The patient motivation problems associated with adherence to care widen the treatment playing field to include not just the traditional clinical, multidisciplinary team but also patients and healthcare professionals and paraprofessionals, serving as coaches and participating team members. Research indicates that this inclusion strategically shifts the care to favor the importance of connectivity and collaboration.25,26
Open-ended questions inviting self-reflections as in the example above establish a more personal exchange of information conducive to furthering clinician–patient relationships.24 Frequently, these self-reflections will involve feelings that reveal personal incentives and avoidances. These patient reports on emotional states are useful in expediting the development of individualized interventions.
As diagnosticians, clinicians often use a criteria-driven, deductive approach as an efficient method for narrowing diagnostic possibilities. But efficiency may be gained at a price costly to the emotional nuances involved in individual motivation and treatment adherence. The medical criteria and processes used in making an accurate diagnosis are not the same as the personal information needed to coax a unique individual’s adherence to care. Open-ended questions help bridge the chasm between clinician and coach.
EXAMPLE Asking a patient with asthma a question such as “How do you feel when you forget your medicine?” helps the patient to identify his/her personal, intrinsic motivations for medication adherence. A question such as “How are you feeling since you began taking this medicine?” can open the door to discussing therapy-related factors, such as living with a particular medication’s side effects.
A positive attitude or a belief in one’s self and the confidence to make self-care decisions can greatly impact treatment efficacy.27 Philosopher coach Reginald Gant compared his management of 2 chronic, life-threatening conditions (diabetes and atherosclerosis) to “running a marathon—small strides are still steps in the right direction, pacing is more important than sprinting, expect setbacks with equanimity, and the water bottle is always half full.”28 Just as a positive mental attitude fosters optimal marathon performance,29 it can foster optimal condition self-management. Not surprisingly, Matthews found a correlation between positive patient attitude and glycemic control among adults with diabetes.30
Yet, the changes required for successful self-care can be daunting. Negative thoughts learned from childhood become formative in adulthood, stymieing a positive outlook. Psychologist coach Anthony Grant31 and colleague Jane Greene summarized more than 6000 research articles and concluded that performanceenhancing thoughts can effectively alter ingrained, negative thought patterns if they are short, specific, and simple. 31 They encourage readers to minimize doubts during problem planning and resolution stages by repeatedly substituting debilitating thoughts with simple, short, and specific positive thoughts.31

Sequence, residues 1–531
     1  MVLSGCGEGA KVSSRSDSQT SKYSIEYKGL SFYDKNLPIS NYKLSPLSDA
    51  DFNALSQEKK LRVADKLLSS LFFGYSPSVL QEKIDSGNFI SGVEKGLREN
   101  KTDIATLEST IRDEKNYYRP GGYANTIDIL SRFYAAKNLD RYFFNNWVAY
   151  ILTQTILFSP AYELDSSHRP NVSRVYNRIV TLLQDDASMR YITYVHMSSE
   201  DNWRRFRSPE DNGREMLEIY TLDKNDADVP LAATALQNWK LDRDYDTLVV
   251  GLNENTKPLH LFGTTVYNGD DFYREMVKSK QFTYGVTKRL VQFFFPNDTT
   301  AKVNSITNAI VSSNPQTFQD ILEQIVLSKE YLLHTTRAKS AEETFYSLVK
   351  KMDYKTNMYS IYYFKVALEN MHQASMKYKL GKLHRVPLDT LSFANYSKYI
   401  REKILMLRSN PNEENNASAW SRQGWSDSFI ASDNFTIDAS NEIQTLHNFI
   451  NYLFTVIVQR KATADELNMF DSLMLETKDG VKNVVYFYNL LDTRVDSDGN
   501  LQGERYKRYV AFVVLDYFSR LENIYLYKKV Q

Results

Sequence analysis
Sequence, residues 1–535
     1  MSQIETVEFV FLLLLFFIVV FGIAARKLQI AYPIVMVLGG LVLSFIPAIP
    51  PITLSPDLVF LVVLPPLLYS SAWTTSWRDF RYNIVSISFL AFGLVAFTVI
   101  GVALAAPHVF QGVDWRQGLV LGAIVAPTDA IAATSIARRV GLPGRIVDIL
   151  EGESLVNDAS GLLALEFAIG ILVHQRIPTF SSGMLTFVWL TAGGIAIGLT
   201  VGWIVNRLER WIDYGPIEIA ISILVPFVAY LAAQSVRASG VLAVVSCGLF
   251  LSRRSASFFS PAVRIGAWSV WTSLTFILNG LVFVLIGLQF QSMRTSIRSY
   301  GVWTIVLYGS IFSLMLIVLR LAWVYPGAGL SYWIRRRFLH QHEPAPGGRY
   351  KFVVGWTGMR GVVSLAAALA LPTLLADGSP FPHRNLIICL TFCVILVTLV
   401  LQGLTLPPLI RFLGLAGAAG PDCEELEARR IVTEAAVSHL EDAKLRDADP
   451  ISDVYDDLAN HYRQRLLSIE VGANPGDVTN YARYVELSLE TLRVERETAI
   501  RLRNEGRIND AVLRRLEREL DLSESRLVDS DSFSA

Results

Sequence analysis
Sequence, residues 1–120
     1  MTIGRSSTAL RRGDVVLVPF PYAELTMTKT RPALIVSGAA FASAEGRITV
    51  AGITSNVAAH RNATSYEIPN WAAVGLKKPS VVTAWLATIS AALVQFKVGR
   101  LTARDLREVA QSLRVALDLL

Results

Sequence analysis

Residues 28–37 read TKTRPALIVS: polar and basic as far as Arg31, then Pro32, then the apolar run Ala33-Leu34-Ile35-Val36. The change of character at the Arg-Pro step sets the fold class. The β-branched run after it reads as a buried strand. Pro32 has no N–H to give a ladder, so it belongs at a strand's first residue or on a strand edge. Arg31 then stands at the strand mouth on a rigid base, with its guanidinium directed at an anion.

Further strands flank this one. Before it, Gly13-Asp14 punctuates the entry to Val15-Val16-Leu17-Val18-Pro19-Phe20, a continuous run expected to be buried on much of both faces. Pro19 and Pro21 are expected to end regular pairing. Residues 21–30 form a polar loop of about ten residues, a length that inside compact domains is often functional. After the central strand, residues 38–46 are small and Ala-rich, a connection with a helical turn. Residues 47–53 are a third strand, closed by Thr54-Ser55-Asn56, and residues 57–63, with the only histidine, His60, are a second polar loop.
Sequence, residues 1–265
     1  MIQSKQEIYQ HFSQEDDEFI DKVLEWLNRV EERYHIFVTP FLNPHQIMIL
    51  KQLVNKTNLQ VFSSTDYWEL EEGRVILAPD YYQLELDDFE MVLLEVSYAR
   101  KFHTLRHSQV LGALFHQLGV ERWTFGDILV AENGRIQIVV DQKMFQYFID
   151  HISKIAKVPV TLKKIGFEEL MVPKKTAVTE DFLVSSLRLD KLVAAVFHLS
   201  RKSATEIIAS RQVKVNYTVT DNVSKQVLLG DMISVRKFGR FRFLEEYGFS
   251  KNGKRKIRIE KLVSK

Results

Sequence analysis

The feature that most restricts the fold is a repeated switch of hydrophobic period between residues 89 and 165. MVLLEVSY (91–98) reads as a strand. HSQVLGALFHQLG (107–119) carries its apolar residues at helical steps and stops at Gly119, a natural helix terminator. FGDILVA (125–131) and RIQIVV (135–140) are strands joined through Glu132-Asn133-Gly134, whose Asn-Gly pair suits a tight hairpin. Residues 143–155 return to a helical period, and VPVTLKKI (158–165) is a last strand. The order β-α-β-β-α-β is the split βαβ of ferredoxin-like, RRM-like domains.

EXAMPLE When a patient with diabetes is discouraged, being mindful of short, specific, simple performance-enhancing thoughts, such as “I feel em powered when I exercise,” “With portion control I can still eat many foods I’ve previously enjoyed,” and “Insulin injections are not nearly as evil as they look,” can effectively counter negative, self-defeating thoughts.
Another enhancement to positive or confident thinking is devising personalized, problem-surmounting strategies that emphasize and use our personal strengths.32 In a study of care management recipients, Brun and Rapp found that reinforcing what patients believed were their personal strengths contributed to positive care-management relationships.33 Although many clinicians report a methodological dissonance in reconciling an emphasis on patient strengths when their formal training dwells on human pathologies, they are gradually recognizing the coaching logic of using personal strengths to reinforce the confidence of patients in sustaining healthy changes.
EXAMPLE A grandmother who has infinite patience with her grandchildren can be encouraged to use that strength when coping with chronic illness; an accountant can use his attention to detail for better medication tracking; and an imaginative writer can devise novel ways to remind herself to take her medication regularly.
Encourage Support: Social Support Networks